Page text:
Sunday, October 9, 2011

Debit Card Usage Fees Offer Another Reason to Go Back to Cash

If you needed another reason to switch from debit card to cash, your bank may be about to offer one. Bank of America is introducing a $5 monthly usage fee for all of its debit cards starting around January, and several other banks are expected to follow with similar fees over the course of next year. Surveys suggest that as many as 10 percent of consumers plan to pay for most purchases in cash because of new fees on debit cards.

The Bank of America fee is a usage fee, not an account maintenance fee. It applies only if you use the debit card to make a purchase over the course of the month. It does not apply to ATM transactions, just purchases. With the new fee, you may actually be better off going to the ATM in the supermarket than using the debit card at the supermarket checkout.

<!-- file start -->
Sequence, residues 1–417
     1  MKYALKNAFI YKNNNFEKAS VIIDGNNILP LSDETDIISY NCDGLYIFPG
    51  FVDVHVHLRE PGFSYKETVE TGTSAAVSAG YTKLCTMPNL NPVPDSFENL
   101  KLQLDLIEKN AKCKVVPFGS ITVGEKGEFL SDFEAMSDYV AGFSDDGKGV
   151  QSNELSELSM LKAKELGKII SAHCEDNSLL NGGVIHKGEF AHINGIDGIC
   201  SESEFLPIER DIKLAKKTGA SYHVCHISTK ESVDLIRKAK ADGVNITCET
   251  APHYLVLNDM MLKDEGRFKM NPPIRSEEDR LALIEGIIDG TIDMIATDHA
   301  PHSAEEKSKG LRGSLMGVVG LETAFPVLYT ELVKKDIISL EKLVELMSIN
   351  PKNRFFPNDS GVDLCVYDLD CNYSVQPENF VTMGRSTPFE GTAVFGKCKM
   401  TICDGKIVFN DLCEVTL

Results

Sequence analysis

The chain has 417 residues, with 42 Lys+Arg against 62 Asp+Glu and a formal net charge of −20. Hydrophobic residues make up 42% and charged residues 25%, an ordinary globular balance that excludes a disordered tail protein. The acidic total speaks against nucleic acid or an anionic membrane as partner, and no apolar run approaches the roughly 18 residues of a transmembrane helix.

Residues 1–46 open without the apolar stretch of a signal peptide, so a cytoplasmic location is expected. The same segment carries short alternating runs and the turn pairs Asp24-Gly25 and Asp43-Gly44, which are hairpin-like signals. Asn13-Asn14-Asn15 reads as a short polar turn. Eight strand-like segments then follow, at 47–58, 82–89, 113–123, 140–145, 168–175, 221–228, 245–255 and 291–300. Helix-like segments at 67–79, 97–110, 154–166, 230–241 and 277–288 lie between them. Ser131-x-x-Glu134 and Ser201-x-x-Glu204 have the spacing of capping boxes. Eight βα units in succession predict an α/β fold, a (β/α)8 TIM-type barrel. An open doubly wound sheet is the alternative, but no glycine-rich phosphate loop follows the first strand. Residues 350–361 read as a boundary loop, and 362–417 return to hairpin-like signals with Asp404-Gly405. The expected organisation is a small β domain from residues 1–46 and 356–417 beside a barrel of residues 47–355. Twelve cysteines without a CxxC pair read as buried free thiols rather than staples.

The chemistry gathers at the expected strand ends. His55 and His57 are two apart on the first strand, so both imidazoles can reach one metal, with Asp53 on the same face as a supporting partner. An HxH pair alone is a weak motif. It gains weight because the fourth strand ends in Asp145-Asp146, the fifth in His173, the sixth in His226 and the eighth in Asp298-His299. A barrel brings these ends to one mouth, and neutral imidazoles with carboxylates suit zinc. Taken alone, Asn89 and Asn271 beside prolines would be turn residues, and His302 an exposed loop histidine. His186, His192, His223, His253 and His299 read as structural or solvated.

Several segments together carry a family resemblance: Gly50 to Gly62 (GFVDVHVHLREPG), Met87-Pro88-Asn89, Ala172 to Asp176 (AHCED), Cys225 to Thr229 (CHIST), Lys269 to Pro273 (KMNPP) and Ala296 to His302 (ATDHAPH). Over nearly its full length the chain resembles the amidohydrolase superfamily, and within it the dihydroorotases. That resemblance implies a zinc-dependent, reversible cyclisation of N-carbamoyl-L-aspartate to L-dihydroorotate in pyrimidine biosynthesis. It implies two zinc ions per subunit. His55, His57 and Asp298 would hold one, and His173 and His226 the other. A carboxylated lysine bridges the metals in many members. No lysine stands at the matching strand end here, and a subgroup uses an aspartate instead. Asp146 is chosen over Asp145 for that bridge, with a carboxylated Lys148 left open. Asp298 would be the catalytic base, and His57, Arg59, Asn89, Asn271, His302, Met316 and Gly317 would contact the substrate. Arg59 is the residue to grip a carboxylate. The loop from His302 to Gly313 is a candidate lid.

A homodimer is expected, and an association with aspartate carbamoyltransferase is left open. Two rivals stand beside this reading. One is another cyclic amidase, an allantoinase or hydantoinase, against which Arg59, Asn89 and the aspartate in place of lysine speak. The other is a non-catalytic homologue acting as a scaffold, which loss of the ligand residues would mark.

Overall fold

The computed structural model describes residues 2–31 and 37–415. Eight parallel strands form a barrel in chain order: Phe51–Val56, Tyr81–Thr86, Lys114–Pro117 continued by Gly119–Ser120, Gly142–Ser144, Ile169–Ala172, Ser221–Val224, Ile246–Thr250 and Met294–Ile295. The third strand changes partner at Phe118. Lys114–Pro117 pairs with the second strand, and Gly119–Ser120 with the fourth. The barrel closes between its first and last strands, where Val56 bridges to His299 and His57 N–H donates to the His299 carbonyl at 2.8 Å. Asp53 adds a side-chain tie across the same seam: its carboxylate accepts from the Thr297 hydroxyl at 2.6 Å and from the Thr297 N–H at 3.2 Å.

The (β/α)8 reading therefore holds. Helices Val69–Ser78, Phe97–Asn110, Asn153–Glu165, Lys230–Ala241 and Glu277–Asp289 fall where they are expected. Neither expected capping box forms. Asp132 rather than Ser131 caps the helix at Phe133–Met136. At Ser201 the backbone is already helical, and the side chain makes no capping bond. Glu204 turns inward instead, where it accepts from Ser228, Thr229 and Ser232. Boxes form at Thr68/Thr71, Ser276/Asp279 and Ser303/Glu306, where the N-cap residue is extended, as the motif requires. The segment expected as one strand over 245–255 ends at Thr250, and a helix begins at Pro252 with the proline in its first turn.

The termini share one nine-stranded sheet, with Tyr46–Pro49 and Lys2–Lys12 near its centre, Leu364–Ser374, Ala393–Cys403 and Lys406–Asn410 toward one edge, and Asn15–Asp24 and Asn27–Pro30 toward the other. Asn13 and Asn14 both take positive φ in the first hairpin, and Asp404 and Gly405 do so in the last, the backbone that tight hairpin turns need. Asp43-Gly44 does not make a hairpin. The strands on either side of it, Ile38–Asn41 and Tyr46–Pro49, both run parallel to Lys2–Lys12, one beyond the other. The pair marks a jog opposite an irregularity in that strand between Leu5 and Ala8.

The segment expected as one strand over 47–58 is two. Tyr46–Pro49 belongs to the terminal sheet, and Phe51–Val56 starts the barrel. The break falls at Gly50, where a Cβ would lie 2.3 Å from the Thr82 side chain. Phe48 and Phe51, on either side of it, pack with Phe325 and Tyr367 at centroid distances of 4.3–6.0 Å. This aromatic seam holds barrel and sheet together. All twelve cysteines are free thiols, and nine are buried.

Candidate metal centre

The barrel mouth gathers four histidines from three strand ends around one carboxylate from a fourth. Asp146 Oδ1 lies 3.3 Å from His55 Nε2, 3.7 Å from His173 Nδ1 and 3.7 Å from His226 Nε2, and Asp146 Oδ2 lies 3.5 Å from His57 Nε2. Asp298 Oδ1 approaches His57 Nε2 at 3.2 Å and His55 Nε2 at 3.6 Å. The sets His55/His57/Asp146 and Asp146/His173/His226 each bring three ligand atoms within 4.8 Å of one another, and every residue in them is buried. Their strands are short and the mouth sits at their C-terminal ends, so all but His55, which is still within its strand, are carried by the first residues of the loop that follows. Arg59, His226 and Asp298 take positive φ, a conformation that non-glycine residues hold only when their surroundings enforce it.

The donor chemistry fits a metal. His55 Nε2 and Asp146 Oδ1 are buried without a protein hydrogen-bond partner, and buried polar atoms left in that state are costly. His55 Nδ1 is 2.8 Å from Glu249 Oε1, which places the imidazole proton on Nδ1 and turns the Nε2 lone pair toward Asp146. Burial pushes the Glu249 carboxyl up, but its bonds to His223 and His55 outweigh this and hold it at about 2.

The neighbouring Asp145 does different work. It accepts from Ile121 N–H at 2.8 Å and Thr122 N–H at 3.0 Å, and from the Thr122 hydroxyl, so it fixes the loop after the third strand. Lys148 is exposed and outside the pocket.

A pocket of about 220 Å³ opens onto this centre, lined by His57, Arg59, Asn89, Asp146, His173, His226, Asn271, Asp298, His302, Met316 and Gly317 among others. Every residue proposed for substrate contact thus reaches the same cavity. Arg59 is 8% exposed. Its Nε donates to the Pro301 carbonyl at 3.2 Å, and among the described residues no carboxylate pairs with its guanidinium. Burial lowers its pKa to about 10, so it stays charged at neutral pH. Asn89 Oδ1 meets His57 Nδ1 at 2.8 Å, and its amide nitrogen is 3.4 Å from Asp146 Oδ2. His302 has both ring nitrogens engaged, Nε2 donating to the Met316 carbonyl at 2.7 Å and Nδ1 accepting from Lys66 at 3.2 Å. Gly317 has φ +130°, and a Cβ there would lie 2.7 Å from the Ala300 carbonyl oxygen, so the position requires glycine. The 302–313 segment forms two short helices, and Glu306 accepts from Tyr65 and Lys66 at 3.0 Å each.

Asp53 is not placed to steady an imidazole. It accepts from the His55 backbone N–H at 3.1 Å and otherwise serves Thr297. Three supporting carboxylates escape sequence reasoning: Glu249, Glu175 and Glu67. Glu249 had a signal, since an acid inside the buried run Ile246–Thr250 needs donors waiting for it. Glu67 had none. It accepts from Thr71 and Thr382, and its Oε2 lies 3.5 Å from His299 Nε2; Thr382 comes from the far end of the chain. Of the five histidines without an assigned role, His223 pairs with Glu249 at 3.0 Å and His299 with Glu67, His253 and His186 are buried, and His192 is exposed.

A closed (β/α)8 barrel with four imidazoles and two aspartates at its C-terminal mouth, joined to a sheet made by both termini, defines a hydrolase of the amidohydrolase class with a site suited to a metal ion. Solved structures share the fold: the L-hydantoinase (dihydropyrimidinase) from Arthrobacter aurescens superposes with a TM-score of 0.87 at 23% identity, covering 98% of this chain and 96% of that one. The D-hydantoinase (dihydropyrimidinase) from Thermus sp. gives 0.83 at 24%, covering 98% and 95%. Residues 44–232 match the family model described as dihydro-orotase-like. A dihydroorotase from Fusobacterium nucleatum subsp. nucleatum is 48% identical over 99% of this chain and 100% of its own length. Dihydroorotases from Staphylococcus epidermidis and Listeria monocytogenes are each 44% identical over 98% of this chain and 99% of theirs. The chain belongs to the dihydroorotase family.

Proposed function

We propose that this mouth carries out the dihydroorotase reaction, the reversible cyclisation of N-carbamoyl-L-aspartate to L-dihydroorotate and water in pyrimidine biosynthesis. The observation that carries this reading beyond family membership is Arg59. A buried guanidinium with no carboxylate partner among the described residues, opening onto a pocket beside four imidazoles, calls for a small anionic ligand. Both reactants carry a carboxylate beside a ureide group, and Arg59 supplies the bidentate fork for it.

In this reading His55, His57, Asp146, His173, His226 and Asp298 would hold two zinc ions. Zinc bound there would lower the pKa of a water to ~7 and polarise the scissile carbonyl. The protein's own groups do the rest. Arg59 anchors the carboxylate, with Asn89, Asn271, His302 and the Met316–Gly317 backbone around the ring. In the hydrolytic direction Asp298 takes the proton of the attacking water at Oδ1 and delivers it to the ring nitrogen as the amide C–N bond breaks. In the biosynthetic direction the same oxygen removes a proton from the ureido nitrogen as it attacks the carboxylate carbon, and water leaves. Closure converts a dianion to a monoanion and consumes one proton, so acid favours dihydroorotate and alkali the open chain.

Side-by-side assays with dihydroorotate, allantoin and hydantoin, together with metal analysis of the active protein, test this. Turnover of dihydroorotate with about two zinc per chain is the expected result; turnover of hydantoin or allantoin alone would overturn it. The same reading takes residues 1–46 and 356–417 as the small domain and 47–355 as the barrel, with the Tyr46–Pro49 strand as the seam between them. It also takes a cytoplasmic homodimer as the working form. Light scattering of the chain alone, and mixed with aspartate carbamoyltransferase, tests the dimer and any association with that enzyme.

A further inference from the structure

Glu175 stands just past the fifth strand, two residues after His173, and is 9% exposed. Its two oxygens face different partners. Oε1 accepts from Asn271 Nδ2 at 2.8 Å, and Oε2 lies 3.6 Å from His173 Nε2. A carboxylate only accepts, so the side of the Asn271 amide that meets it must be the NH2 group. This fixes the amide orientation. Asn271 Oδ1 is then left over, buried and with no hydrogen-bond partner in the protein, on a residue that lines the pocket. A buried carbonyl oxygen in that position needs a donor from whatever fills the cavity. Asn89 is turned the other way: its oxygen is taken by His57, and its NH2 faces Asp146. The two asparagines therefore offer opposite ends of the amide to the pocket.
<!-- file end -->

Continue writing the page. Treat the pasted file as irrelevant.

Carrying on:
Better yet, get in the habit of getting cash at the bank and using it to pay for purchases, as I have been trying to do since September. I haven’t been perfect about it. Checking my accounts, I find that I used my credit cards for three point-of-purchase transactions during September, along with five gasoline purchases and a handful of online purchases. Otherwise, I’ve been paying in cash.

The gasoline pump and online seem to be the two places where it isn’t so convenient to pay in cash. Many consumers might want to take the approach I’ve taken, abandoning the debit card and using the credit card for these occasional card transactions. It might seem drastic to go without a debit card, yet if you can save $60 a year, that’s a big deal to the average consumer.

As consumers drop their debit cards, it creates an opportunity for an online-only payment mechanism that is more secure than a standard debit or credit card. At the same time, gasoline retailers might want to issue some form of purchase card that permits gasoline purchases to be paid online once a month. Currently, most gasoline brands are under contract with banks to issue MasterCard credit cards to their customers, and these contracts preclude them from offering their business fleet cards to consumers. But by the time those contracts come up for renewal, the gasoline brands might want to reconsider the business they are losing by not having a fuel-only payment mechanism for regular customers.